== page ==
But what if instead you wanted a slider to feature multiple posts, with one image each, which would link to different pages? The slider itself would work the same way, but you’ll need to set your back-end a bit differently and use a different loop in your template.

This tutorial will show you how this can be done using a custom post type. Here’s a sneak peek at the demo site. The files used to create the theme as well as the slider snippet can be downloaded here.

Read more…

Three ways to give your WordPress site a full screen background image

New design techniques are popping up everyday and now that there are less bandwidth issues, designers have been incorporating full screen background images in their design more and more.

If you wanted to do that yourself but didn’t know how, here are a few techniques ranging from super-easy to advanced.

Super easy plugin solution

The Simple Full Screen Background Image WordPress plugin allows you to easily upload and set a full screen image as the background of your website. Once installed and activated, you’ll see in your Appearance section a new area called, Fullscreen BG Image. You can then browse for your image, upload it and insert it like you would for a blog post. Once uploaded, the plugin will do the rest and make sure that it re-sizes to fit your browser. You may need to play with the size and resolution, but using this plugin couldn’t be easier.

Read more…

Build a custom fade in fade out slideshow

In my previous blog post, I provided a step by step tutorial on how to build a custom image slider into your WordPress. This was achieve by using Nathan’s awesome slideshow plugin. Digging a bit deeper in his code and website, I discovered that he’s also included fade in fade out transition.

If you’ve downloaded the material, took a stab at the tutorial and wish to use this transition effect instead of a slider action, all you need to do is replace the jQuery function in your header with the following:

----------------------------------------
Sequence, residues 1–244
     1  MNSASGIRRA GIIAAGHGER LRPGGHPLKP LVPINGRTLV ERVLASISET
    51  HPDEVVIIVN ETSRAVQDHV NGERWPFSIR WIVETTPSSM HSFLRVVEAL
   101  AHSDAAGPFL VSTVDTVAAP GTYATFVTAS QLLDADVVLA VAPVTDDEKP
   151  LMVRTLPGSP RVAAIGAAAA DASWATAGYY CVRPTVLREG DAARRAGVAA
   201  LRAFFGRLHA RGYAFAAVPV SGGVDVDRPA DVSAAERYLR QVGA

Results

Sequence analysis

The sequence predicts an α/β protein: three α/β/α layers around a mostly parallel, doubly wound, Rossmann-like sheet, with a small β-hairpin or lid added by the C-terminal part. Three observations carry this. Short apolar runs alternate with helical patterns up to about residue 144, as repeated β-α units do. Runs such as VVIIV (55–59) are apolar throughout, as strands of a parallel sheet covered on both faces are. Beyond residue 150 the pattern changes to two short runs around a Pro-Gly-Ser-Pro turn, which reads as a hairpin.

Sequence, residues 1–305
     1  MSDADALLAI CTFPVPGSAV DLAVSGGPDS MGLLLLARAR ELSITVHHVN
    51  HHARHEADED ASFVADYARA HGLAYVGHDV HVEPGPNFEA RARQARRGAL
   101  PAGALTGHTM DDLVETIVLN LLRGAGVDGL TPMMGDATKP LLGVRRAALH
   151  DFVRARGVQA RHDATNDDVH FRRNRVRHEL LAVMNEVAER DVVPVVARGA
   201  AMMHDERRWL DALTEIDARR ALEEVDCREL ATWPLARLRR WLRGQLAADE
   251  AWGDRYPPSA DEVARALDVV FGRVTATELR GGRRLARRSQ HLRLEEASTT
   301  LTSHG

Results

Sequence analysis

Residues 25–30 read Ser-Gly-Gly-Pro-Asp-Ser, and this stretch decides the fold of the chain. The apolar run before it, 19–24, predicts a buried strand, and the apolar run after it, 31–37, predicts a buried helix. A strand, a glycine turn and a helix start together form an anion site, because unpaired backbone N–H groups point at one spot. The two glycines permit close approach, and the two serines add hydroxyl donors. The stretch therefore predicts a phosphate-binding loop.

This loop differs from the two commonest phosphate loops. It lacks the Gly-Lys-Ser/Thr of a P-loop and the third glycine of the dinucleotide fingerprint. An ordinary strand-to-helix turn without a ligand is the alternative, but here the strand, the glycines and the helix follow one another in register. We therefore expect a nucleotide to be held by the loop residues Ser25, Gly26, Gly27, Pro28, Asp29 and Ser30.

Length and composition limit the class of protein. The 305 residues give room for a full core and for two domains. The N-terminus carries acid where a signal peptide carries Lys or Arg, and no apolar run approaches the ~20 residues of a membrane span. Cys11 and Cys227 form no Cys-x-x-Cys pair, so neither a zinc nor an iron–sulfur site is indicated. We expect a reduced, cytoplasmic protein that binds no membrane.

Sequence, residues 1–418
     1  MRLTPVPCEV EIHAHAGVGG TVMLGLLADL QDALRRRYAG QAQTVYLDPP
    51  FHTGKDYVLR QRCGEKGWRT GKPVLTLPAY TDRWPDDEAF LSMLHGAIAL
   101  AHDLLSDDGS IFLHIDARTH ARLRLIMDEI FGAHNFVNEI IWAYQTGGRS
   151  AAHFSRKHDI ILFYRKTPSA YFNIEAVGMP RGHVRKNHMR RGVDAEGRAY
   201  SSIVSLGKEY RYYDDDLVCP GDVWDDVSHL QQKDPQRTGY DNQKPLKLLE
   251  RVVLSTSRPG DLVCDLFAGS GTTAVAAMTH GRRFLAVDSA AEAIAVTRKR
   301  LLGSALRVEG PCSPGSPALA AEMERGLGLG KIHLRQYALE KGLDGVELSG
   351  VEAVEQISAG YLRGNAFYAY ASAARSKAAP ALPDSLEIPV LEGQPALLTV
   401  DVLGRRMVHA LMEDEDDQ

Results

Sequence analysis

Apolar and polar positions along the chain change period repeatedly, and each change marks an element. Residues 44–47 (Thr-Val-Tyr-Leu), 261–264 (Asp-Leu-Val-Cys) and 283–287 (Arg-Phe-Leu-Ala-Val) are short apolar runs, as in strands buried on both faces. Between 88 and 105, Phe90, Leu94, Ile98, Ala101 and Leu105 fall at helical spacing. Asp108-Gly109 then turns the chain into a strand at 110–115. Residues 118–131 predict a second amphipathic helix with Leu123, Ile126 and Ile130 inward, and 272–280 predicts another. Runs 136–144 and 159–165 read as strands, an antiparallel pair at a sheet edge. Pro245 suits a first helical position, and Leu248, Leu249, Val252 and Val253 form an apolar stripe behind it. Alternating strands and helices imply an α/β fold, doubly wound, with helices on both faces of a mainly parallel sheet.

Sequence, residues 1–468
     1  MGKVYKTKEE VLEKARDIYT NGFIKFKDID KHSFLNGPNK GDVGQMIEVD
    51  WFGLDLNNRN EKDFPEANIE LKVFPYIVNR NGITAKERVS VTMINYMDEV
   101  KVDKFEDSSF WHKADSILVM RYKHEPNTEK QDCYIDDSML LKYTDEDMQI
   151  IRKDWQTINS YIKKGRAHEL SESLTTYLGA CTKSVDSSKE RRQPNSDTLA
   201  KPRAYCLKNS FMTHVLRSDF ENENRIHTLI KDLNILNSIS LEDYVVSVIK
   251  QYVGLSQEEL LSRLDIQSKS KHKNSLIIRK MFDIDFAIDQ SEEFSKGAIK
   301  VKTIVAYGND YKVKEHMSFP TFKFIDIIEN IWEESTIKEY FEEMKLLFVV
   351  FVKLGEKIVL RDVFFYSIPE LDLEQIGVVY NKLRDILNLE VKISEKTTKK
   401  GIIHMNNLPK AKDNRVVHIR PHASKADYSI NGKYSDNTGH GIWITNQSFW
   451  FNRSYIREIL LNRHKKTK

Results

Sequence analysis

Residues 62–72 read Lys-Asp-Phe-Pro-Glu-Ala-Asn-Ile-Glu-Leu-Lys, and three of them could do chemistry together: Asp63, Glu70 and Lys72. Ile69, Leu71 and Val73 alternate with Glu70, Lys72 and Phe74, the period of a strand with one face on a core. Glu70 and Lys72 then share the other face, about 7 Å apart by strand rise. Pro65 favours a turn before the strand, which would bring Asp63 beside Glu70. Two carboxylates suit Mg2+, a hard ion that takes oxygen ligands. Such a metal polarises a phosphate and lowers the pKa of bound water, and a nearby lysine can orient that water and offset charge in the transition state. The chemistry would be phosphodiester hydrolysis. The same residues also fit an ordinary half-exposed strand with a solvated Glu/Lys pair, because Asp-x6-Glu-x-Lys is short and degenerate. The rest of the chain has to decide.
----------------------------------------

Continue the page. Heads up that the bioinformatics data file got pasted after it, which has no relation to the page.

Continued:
preload: true,
	preloadImage: '',
	effect: 'fade',
	crossfade: true,
	fadeSpeed: 500,
	generatePagination: false

You also no longer need the next and previous arrows.

Build a custom image slider on your home page using built-in WordPress functions

Image sliders are quite popular and add a nice visual element to any website. You could use a plugin to add one to your site, but wordPress has all of the functionality built-in for you to integrate one in any theme of your liking. If you’re a theme developer, you’ll want to follow along and add this code snippets to your collection.

I recently created a site for my colleague and very good friend Barbara. You’ll see that her home page has a very simpler slider. If we ignore the header, sidebar and footer, this page is very simple. In the following tutorial, I’ll walk you through each step and show you how to integrate a slider like this.
Read more…

Custom WordPress sidebars using is_child

A common request by designers is to set up a website with a main top navigation and secondary sub nav based on the page you are on. An example of this can be found on the Out of Chaos website where once you leave the home page, the sidebar displays the different pages belonging to that section.

This can easily by done by updating your sidebar template using conditionals.
For example:

<?php if(is_page(2) || is_child(2)) {
 } elseif (is_page(3) || is_child(3)) {
 } elseif (is_page(4) || is_child(4)) {
 } else (!is_page()) {

Where the # refer to the page id of your page.

Now if you run this code above, you’ll most likely get an error. This is because the is_child() function is NOT part of WordPress core. In order for the code to work we must use c.bavota’s is_child() function.

function is_child($page_id_or_slug) { 
 global $post; 
  if(!is_int($page_id_or_slug)) {
   $page = get_page_by_path($page_id_or_slug);
   $page_id_or_slug = $page->ID;
  if(is_page() && $post->post_parent == $page_id_or_slug ) {
   return true;
   } else { 
    return false; 

Once the above code snippet is added to your function file, you can easily add as many sub navigation menus as you need.

Favourite WordPress conditional tags

Understanding conditionals is an absolute must in creating unique WordPress sites. Like its name suggests the conditional tag allows you to display content depending on a specific condition.

The best place to start when learning how conditionals can be used is with page settings.

For example if you wanted to post a message of your home page or display a specific image, the following code would be added to your template file: